Please tell us about yourself
Rukmini Banerjee is a Program Manager at HasNa Inc., a Washington, DC-based nonprofit organization that implements peacebuilding and development projects in Turkey, Cyprus, and Armenia. In 2014, Rukmini obtained her second Master of Arts degree in Conflict Resolution from Georgetown University, along with a graduate certificate in Refugees and Humanitarian Emergencies. She also has a Master of Arts degree in English Literature from Jadavpur University (Calcutta, India). Rukmini has worked in the development sector in India, the United States, and in Turkey; having completed internships as well as fully-funded fellowships at a number of prestigious organizations such as Save the Children (Calcutta, India), the Turkish Red Crescent Society (Ankara, Turkey), and Ashoka (Arlington, VA, USA).
Tell us, how did you end up in such an offbeat, unconventional and fascinating career?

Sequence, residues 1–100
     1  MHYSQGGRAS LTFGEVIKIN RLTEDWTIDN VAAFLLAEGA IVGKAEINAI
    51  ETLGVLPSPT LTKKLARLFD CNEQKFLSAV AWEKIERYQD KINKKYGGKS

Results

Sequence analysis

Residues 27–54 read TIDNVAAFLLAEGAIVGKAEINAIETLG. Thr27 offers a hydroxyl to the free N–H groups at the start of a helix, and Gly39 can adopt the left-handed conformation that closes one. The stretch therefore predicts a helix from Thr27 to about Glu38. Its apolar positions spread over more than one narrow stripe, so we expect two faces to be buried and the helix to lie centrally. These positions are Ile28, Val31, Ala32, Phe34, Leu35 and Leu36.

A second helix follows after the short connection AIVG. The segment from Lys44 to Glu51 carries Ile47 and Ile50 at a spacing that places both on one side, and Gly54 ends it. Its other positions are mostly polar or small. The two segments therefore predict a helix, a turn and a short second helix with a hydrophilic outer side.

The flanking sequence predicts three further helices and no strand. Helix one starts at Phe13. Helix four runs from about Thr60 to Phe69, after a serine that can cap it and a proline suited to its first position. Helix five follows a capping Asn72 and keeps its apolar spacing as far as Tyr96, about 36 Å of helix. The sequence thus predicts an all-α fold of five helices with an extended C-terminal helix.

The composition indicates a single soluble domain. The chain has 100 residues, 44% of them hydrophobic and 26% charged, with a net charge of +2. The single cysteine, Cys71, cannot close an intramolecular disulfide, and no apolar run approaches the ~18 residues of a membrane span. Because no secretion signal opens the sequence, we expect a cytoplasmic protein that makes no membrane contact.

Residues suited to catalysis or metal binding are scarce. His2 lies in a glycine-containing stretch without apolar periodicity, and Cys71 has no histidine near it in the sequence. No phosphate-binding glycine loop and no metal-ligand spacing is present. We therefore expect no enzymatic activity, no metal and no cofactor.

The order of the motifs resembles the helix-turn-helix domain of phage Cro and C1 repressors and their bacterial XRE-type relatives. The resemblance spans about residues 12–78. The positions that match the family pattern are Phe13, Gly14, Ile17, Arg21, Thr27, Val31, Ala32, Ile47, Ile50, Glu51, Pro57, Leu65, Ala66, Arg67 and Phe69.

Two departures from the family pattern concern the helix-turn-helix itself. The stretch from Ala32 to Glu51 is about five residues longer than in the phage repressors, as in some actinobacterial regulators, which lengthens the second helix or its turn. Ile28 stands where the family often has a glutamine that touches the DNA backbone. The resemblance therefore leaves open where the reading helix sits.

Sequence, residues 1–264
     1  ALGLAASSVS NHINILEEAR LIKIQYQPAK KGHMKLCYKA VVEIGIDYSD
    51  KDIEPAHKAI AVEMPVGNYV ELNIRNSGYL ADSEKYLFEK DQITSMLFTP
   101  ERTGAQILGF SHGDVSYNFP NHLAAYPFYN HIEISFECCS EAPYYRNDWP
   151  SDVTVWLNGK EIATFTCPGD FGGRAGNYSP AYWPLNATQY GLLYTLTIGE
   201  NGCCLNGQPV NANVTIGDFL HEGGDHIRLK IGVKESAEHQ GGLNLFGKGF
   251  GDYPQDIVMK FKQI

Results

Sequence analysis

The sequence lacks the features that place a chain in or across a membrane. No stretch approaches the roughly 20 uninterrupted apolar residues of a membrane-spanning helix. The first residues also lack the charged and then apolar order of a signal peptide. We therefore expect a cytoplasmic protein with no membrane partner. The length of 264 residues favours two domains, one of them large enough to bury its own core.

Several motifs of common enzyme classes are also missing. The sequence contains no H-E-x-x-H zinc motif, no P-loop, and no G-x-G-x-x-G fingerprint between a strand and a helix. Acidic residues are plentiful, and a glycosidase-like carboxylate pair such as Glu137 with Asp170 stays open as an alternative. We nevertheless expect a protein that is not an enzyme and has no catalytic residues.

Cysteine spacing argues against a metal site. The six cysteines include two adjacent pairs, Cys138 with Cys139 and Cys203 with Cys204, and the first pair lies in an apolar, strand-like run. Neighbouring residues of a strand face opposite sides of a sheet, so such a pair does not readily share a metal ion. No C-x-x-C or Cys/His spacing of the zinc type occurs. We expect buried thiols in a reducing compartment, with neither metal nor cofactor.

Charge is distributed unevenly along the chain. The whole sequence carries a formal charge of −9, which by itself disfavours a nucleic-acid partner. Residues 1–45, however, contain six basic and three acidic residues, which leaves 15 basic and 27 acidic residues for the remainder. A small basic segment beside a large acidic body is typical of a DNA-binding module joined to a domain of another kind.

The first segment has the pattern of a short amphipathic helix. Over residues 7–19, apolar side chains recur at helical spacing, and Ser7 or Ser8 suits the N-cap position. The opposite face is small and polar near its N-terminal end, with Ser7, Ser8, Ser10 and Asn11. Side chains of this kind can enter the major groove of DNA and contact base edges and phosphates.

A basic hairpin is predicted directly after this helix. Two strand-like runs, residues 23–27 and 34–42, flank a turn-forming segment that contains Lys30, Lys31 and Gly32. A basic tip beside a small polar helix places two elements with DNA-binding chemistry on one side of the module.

My journey within the social change ecosystem has been, in some ways, quite unique. I decided I wanted to study Conflict Resolution and work within the social sector while I was already pursuing a Master’s degree in English Literature in India. I found myself faced with the dilemma of how to reconcile my academic background with my professional aspirations. I spoke to a number of people who gave me all kinds of sage advice but there was one common thread that ran through: I had to focus on developing specific skill sets, and also narrow my interests down to one area within the broader field of Conflict Resolution. That is when I chose Refugees and Humanitarian Emergencies.
Can you describe your internships?